Optimize Google Analytics

Jun 6, 2016

Optimize Google anylitics

How to leverage browser caching with Google Analytics

Amazing but true when you carry out a Google page speed test you find that Google analytics’s slows your site down, it downgrades your page speed or shows it needs to be fixed as you’re not caching an external resource.

As you cannot cache external resources we need to make them local.

Google has added asynchronous loading to its code but you will still find that this still doesnt cut it if your chasing page speed. The JS file from Google is a massive it really is take a look here  https://google-analytics.com/analytics.js If you create analytics’s now this is the JS you will call, however there is a possibility your code uses ga.js if this is the case you can upgrade or leave AS IS and  reference https://google-analytics.com/ga.js

As we have used the ga.js in our template we will use the for the post, however as stated above you can use either dependant on which you use.

Lets start optimizing Google analytics’s.

Ok firstly you need to know which you are going to use ga.js or analytics.js and take a note of it, you can get the code from your analytics’s dashboard and it will look like this.

[sourcecode language=”plain” highlight=”4,10″]
<script type="text/javascript">

var _gaq = _gaq || [];
_gaq.push([‘_setAccount’, ‘UA-XXXXXXX-XX’]);

(function() {
var ga = document.createElement(‘script’);
ga.type = ‘text/javascript’; ga.async = true;
ga.src = (‘https:’ == document.location.protocol ? ‘https://ssl’ : ‘http://www’) + ‘.google-analytics.com/ga.js’;
var s = document.getElementsByTagName(‘script’)[0];
s.parentNode.insertBefore(ga, s);


On line 4 your tracking code, if your using a template of some form and the code is already built in its worth adding your tracing code and checking which analytics file its calling before we go to the next stage.

On line 10 is where our code in the template is pointing to google-analytics.com/ga.js

So you have all the info so now we will add a script that will pull the google-analytics.com/ga.js every hour just in case they change the script their end, so this ensures you always have the latest version on your site.

Synchronising the google-analytics.com/ga.js

As stated a few times now this can also be done with google-analytics.com/analytics.js

Create a file called ga.php and upload it above your public_html folder, you don’t need to be accessible via the web. You can also have multiple versions for different sites that your hosting on your cPanel Hosting packages by doing the following ga-site1.php, ga-site2.php etc, ensuring you change each $localfile= address to the different directories

As you see on line 5 below you need to change CPANELUSERNAME to your cPanel Username this will ensure that the file in this case is copied to your cPanel public_html folder. Also the source location needs to be entered in line 4

[sourcecode language=”plain” highlight=”4,5″]

// Remote file to download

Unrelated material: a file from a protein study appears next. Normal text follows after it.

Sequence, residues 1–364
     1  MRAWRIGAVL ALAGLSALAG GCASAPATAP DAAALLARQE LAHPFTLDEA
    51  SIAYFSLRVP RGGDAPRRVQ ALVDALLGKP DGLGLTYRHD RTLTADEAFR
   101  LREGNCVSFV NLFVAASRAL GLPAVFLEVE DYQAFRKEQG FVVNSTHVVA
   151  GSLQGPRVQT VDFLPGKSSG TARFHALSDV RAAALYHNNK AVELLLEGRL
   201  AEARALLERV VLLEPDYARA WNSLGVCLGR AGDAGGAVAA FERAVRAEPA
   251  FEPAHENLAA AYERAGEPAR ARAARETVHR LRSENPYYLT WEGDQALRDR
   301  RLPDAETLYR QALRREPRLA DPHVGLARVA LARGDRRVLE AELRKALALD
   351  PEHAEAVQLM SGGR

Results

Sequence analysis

$remoteFile = ‘http://www.google-analytics.com/ga.js’;
$localfile = ‘/home/CPANELUSERNAME/public_html/ga.js’;

// Connection time out
$connTimeout = 10;
$url = parse_url($remoteFile);
$host = $url[‘host’];
$path = isset($url[‘path’]) ? $url[‘path’] : ‘/’;

if (isset($url[‘query’])) {
$path .= ‘?’ . $url[‘query’];

$port = isset($url[‘port’]) ? $url[‘port’] : ’80’;
$fp = @fsockopen($host, ’80’, $errno, $errstr, $connTimeout );
// On connection failure return the cached file (if it exist)
} else {
// Send the header information
$header = "GET $path HTTP/1.0\r\n";
$header .= "Host: $host\r\n";
$header .= "User-Agent: Mozilla/5.0 (Windows; U; Windows NT 5.1; en-US; rv: Gecko/20070725 Firefox/\r\n";
$header .= "Accept: */*\r\n";
$header .= "Accept-Language: en-us,en;q=0.5\r\n";
$header .= "Accept-Charset: ISO-8859-1,utf-8;q=0.7,*;q=0.7\r\n";
$header .= "Keep-Alive: 300\r\n";
$header .= "Connection: keep-alive\r\n";
$header .= "Referer: http://$host\r\n\r\n";
fputs($fp, $header);
$response = ”;

// Get the response from the remote server
while($line = fread($fp, 4096)){
$response .= $line;

// Close the connection
fclose( $fp );

// Remove the headers
$pos = strpos($response, "\r\n\r\n");
$response = substr($response, $pos + 4);

// Return the processed response
echo $response;

// Save the response to the local file
// Try to create the file, if doesn’t exist
fopen($localfile, ‘w’);

if(is_writable($localfile)) {
if($fp = fopen($localfile, ‘w’)){
fwrite($fp, $response);

Lets automate our script

Ok you need to go to the cron section in cPanel and create a cron job to call our ga.php file in the root directory

[sourcecode language=”plain”]
php -q /home/CPANELUSERNAME/ga-cron.php >/dev/null 2>&1

This will pull the file from Google at the set times you specify, twice daily will be more than enough, however while you’re setting up set to every minute so you know the file has pulled in correctly.

The google ga.js has imported to the public_html

Ok now the file has pulled in to your public_html folder all you need to do is change the code in your site to reflect the changes

[sourcecode language=”plain” highlight=”10″]
<script type="text/javascript">

var _gaq = _gaq || [];
_gaq.push([‘_setAccount’, ‘UA-XXXXXXX-XX’]);

(function() {
var ga = document.createElement(‘script’);
ga.type = ‘text/javascript’; ga.async = true;
ga.src = (‘https:’ == document.location.protocol ? ‘https://ssl’ : ‘http://www’) + ‘.yoursite.com/ga.js’;
var s = document.getElementsByTagName(‘script’)[0];
s.parentNode.insertBefore(ga, s);


Change the code highlighted to reference your site in your template, so in this case we put it in the public_html folder so we have referenced yoursite.com/ga.gs

That’s it the JS file is now local and you don’t have to reference the JS file from Google in real time on every page load.

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